Gulls provide the “hah-hah” laugh track for a day at the Jersey Shore, but the fowl excrement they produce is no joke.
All that poop from gulls, geese, and other flapping creatures — as well as humans — can be the determining factor in whether sunbathers become swimmers. Heavy rains wash fecal matter into the water, one of the contributing factors as to why a beach might be forced to close in the days after a storm.
“There’s a fair correlation between rainfall and advisories and closings, mostly on the bay and river side,” said Larry Hajna, spokesperson for the New Jersey Department of Environmental Protection. “And if you have a rainstorm event over several days, that can result in closings and advisories on the beach as well.”
The Jersey Shore’s water quality for swimming is good overall, says Hajna. The DEP monitors water to ensure it is safe for swimmers according to the Cooperative Coastal Monitoring Program. The agency also keeps watch over water-quality issues that might affect aquatic life, like oysters and clams.
Using aerial surveillance and chlorophyll measurements, the DEP checks on any algae blooms or areas with floating trash. Algae blooms typically are not harmful to people, but they can affect oxygen levels for fish and aesthetic issues for people if blooms get close to shore.
Trash also washes in after heavy rainstorms. That’s one way climate change may contribute to water health at the Shore: More storms, heavier downpours, and chronic so-called sunny-day flooding that occurs during high tides all mean a higher likelihood of debris in the water and beach closures.
When it rains, water flows over lawns, parking lots, and streets and into storm drains, catchment basins, and drain pipes. Single-use plastic bottles, fast-food wrappers, cigarette butts, gasoline, motor oil, antifreeze, fertilizers, pesticides, pet droppings, and, yes, gull poop all get swept up in the torrent and end up in waterways. Meanwhile, older sewer systems are prone to overflow, releasing untreated sewage into the water. The pollution can also kill fish and wildlife.
Michael J. Kennish, a Rutgers research professor in the Department of Marine and Coastal Sciences, said runoff from fertilizers containing phosphorus and nitrogen causes algae and other underwater plants to grow. This chokes off oxygen to back bays, including Barnegat and Little Egg Harbor Bays in Ocean County.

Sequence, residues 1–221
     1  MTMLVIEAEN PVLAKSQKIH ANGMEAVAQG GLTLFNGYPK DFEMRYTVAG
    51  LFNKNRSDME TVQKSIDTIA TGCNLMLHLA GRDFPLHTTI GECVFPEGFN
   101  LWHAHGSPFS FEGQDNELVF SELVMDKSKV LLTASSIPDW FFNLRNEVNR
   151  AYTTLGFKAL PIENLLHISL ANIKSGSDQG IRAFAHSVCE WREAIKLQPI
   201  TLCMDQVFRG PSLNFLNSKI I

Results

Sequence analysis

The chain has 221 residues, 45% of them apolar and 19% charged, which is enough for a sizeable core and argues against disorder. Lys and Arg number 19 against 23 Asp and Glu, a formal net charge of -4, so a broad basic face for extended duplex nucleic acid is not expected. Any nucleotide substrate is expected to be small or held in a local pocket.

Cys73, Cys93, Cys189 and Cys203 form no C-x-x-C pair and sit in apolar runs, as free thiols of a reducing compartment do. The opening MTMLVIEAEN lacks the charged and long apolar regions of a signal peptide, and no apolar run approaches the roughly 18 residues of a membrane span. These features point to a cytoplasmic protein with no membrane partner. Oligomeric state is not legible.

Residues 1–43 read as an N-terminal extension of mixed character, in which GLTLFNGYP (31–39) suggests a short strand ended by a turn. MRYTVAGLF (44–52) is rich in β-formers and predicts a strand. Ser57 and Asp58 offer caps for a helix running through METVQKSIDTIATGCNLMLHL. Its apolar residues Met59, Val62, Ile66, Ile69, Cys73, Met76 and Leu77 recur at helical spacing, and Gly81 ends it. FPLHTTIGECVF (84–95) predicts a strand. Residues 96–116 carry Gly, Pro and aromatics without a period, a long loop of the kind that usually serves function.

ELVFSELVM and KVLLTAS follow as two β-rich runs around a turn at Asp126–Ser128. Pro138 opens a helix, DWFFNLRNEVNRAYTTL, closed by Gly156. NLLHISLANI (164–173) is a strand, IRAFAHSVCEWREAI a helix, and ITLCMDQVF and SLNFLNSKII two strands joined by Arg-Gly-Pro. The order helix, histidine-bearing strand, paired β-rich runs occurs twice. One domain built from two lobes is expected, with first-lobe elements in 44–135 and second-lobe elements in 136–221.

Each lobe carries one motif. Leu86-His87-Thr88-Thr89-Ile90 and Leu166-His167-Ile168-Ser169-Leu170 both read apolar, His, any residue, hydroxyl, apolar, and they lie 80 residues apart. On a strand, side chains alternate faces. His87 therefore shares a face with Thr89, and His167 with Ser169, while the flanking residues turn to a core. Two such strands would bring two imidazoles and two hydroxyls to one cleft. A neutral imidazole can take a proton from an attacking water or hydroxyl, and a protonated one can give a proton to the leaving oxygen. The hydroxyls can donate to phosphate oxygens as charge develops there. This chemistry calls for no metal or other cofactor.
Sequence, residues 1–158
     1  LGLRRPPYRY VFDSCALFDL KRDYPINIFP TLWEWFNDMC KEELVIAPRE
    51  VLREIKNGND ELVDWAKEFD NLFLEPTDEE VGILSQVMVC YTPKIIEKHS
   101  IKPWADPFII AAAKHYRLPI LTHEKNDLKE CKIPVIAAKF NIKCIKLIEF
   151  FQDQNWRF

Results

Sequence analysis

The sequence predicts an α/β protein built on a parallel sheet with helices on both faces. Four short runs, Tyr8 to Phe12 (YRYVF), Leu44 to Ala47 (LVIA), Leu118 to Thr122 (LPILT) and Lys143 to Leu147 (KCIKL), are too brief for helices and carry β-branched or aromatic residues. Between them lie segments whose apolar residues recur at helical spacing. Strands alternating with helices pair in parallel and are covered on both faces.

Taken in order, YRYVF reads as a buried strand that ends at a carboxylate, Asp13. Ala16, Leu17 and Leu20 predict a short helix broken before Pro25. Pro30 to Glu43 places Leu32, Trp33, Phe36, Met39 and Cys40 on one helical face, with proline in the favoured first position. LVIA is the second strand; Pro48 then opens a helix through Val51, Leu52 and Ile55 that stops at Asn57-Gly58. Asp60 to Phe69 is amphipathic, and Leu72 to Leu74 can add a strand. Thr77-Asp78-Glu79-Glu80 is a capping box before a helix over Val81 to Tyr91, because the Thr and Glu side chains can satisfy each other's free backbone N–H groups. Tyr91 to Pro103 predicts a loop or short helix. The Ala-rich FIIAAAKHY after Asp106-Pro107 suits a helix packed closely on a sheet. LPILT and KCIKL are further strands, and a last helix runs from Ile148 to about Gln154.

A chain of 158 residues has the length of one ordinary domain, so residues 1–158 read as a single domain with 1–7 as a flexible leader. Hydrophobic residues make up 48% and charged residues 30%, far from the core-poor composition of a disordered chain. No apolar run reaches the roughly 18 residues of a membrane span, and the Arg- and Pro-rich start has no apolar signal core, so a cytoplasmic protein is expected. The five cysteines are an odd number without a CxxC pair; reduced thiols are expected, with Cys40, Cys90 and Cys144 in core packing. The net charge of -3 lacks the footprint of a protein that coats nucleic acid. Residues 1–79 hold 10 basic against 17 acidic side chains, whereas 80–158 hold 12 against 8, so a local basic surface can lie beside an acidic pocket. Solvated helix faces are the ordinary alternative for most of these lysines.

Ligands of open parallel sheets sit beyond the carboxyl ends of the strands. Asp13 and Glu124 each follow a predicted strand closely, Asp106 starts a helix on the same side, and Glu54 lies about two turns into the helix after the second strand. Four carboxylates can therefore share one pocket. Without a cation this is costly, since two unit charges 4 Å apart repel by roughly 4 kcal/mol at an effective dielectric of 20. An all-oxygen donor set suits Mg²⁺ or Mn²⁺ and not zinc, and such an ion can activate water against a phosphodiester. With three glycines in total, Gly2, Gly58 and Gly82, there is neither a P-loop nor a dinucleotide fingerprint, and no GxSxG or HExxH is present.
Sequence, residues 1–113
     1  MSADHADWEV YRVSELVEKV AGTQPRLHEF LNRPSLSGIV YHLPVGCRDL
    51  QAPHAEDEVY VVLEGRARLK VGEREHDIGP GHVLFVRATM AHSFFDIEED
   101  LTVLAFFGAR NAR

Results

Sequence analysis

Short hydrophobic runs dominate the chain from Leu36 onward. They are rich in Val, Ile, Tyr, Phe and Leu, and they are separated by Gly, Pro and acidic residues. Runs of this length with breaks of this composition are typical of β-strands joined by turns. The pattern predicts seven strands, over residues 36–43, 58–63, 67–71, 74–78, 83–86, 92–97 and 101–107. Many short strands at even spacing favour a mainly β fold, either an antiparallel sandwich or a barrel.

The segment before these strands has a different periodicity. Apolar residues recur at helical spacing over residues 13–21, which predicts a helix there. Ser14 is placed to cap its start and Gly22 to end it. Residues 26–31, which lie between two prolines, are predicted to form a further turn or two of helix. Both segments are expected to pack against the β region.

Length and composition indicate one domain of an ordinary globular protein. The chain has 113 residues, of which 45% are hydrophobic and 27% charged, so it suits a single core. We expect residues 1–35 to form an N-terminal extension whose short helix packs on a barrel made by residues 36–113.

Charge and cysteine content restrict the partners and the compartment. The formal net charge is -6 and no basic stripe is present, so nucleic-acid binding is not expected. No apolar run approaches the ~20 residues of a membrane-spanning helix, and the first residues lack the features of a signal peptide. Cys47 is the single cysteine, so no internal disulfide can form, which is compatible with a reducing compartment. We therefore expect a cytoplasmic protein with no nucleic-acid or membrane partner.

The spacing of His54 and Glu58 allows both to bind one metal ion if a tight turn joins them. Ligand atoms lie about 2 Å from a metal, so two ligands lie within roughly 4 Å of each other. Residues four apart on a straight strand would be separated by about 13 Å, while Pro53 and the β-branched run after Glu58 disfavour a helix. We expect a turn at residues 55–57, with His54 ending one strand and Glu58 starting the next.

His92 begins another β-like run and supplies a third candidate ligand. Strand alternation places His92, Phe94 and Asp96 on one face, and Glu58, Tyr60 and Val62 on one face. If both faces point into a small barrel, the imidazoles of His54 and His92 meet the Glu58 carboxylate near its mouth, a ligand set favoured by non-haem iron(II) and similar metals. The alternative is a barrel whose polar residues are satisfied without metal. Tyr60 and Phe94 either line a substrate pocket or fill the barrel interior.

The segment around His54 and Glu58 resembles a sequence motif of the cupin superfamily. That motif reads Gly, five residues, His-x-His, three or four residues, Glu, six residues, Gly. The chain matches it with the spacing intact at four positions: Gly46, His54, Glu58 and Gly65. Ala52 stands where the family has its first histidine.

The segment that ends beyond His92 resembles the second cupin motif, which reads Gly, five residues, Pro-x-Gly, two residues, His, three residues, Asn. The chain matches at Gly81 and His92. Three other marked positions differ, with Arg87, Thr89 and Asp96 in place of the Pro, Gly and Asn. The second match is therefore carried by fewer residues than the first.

Such back-bay areas are more vulnerable to pollution, Kennish said, because they are contained and shallow, like lagoons. Back bays are also prominent in Atlantic and Cape May Counties.
“The water-quality conditions are generally good, but they could be improved,” Kennish said. “The more impacted systems need concerted remedial efforts to improve them. It is important to maintain vigilance on the environmental conditions of our estuarine and coastal marine waters.”
To test if beaches and bays are safe for swimming, officials monitor for Enterococci bacteria, which are produced in the guts of humans, mammals, and birds and can cause infections. When the level of bacteria exceeds a certain threshold, beaches get closed or an advisory is issued. The standard for a safe beach is 104 or fewer colonies of Enterococci per 100 milliliters of sampled water.
Swimming in polluted water can have health risks, usually minor. Symptoms can include nausea, vomiting, diarrhea, and abdominal pain.
But New Jersey beach closings are relatively rare along the state’s 130 miles of oceanfront coastline. Last year, 98 percent of ocean beach samples met the swimming standard. Usually, only a handful of beaches are closed each year due to bacteria; there are many more advisories to alert bathers when water quality is lower but still safe.
There have been 805 ocean beach closures in New Jersey since 2005, according to an Inquirer analysis of state data. The closures were for a range of reasons, such as heavy rainfall, sewage, syringes, and trash. Just under a third were for bacterial presence. Spring Lake in Monmouth County has seen the largest number of closures at 11. Atlantic City was second with nine. Cape May, Ventnor, and Ocean City have had three each.
Reports have surfaced in recent years of tiny clinging jellyfish releasing their powerful stings on swimmers. The dime-size invertebrates, Gonionemus vertens, are native to the Pacific Ocean but began showing up in our waterways in 2016.
The jellyfish tend to live in shallow bays and estuaries among eel grass and other underwater vegetation, “clinging” to it. Some have floated into Barnegat Bay, and two men had to be hospitalized last year after being stung.